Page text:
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    Back then I was 5 years into my programming career, I had passed 10,000 hours of practice, and was starting to worry that the “10,000 hour strategy” I had been following and telling other aspiring programmers to follow may have been in vain, because I was still a pretty bad programmer (many would argue that today, 6 years later, I’m not much better, but now I can say that’s just because I only have 29,000 hours of practice).

    Anders Ericsson discusses the 10,000 hours rule directly in his book Peak. The number 10,000 comes from one study of violinists and is an oversimplification promoted by Malcolm Gladwell in Outliers.

    One of the main things I took away from reading Peak is that hours of practice is not enough. The practice must be deliberate practice: specifically training in a finite set of skills, often with coaching help, and at a level that is just outside your comfort zone, so you are neither bored nor overwhelmed.

    In addition to the raw amount of time put in my guess is that the folks in your study are also very systematic about what they are working on and might have discovered deliberate practice for themselves without knowing the name.

    Peak was a really inspiring book for me, and I recommend it highly for anyone interested in improving a skill.

    Finally, this is a cool mini-study! Thanks for posting it. I think this is a really interesting topic especially related to programming skill.

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      Related - I’ve found an old post asking what deliberate practice is for programmers.

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        This is deliberate practice for me. I tried to make up my mind how to implement a state machine in C++. There is a big design space to explore and many principles to consider. In a professional setting there is usually no point in optimizing; pick something from Stack Overflow and continue. Taking the time to find an optimal solution gets you into good habits. Over time you can apply these habits under pressure as well.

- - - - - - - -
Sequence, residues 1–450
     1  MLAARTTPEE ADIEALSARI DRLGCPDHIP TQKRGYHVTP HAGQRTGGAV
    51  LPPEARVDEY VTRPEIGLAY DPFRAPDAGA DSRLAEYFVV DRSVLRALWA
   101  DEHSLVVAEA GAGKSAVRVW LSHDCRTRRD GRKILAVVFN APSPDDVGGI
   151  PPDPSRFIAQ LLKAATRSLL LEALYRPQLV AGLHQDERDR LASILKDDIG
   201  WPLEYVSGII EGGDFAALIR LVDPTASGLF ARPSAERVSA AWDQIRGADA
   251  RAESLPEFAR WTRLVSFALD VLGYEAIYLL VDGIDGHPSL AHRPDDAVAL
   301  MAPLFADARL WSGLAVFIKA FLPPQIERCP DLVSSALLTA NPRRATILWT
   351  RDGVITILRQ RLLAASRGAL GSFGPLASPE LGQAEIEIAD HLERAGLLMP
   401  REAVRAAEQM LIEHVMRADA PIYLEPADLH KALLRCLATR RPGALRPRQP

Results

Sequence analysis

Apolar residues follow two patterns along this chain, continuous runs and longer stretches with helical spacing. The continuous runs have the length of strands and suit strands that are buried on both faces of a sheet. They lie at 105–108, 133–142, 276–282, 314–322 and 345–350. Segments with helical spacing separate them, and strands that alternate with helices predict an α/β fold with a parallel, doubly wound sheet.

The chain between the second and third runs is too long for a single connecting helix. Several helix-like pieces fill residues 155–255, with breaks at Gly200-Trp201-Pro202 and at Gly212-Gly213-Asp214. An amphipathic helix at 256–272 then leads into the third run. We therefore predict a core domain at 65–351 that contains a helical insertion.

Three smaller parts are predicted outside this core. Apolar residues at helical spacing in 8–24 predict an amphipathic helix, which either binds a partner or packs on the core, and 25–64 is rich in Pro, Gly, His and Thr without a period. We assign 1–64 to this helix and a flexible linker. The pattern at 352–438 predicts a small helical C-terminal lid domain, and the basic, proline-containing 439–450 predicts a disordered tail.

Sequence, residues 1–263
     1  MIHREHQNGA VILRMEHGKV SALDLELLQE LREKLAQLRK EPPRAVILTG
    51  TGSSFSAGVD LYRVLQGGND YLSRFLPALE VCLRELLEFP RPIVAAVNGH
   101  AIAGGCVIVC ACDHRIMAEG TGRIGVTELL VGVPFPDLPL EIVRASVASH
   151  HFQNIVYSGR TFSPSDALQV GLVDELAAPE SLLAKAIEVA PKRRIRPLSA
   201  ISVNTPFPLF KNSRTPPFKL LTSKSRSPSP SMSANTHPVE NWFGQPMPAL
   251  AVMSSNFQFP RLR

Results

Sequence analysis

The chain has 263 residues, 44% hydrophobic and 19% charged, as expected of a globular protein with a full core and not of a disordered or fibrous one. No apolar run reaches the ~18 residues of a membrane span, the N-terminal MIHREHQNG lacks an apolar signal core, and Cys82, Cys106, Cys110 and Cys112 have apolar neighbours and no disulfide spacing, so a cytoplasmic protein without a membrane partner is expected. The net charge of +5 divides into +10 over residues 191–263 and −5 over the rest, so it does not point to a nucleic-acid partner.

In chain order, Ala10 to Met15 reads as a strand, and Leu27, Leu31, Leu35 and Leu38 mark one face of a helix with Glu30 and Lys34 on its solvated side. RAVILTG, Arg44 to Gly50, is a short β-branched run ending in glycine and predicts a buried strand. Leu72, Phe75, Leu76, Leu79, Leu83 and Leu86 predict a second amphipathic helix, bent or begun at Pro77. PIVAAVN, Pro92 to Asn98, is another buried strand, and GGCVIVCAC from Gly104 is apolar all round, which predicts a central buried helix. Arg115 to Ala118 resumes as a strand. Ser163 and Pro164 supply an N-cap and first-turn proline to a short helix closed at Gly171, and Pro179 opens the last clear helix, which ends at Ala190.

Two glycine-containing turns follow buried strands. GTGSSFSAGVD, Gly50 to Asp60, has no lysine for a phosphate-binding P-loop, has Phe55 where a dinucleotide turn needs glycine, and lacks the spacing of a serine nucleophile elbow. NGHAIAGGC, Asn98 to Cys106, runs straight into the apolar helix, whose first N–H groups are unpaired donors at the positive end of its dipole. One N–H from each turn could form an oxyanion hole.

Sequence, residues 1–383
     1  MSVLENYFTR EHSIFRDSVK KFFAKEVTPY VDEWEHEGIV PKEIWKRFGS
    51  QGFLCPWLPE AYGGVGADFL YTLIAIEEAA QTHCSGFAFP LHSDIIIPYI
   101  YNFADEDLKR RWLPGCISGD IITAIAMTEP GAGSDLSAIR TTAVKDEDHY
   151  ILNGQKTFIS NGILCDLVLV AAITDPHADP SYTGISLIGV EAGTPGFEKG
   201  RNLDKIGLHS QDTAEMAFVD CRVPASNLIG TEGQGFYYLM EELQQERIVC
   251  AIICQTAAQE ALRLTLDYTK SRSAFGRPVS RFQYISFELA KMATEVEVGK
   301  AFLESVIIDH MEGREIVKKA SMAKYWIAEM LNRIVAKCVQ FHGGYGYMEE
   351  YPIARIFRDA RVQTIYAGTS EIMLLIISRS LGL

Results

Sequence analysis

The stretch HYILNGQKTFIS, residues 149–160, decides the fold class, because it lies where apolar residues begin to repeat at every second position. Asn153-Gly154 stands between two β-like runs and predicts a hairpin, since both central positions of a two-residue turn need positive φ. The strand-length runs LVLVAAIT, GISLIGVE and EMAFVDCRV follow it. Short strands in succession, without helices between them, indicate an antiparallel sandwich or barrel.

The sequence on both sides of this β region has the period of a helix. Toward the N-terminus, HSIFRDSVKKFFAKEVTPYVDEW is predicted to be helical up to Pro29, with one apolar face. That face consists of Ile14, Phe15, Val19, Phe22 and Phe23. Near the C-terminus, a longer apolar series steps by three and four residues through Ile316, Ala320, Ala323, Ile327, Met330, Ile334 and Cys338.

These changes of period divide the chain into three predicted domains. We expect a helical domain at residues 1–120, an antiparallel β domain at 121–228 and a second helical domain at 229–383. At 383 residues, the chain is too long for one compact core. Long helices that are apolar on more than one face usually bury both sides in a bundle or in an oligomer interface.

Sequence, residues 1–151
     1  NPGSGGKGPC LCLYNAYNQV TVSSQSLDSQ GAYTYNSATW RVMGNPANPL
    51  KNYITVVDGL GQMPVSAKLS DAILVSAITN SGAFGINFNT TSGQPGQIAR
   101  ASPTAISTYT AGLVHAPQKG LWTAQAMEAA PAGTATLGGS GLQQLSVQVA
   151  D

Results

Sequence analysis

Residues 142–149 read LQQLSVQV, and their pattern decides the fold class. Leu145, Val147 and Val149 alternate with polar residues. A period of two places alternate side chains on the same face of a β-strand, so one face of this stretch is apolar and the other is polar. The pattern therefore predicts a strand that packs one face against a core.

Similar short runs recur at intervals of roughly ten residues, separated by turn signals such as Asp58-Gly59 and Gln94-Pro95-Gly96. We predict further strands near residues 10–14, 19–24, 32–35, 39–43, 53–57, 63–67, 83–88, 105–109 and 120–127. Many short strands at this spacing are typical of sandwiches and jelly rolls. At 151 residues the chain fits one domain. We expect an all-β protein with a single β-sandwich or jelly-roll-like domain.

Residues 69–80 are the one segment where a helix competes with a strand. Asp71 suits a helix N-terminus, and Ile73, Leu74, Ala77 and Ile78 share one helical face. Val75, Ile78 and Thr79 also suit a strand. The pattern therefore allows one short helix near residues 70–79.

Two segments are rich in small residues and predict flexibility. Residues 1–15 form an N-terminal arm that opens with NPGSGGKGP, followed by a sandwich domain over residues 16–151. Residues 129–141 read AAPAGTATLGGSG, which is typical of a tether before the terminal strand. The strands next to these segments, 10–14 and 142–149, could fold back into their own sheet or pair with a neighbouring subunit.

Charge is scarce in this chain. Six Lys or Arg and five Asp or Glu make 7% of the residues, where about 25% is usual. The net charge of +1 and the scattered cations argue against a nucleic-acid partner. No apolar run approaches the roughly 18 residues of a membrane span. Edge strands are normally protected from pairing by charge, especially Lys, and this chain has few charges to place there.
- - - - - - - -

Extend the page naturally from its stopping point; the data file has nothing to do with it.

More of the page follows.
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      I would LOVE to see the original response/e-mails, especially Knuths’ since it is well known he does not use e-mail anymore (was it a letter, was it e-mail by an assistant etc.?)

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        Good point. They are all interesting. Knuth’s was great (b/c like you said, he prefers snail mail). I’ll update the repo this weekend with those.

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        hmmm, the time that I program in my programming job might be but to far of what Peter Norvig still achieves while managing.

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          Very interesting :) Can you share which software projects you were following? At least the ones who’s author responded to your emails :)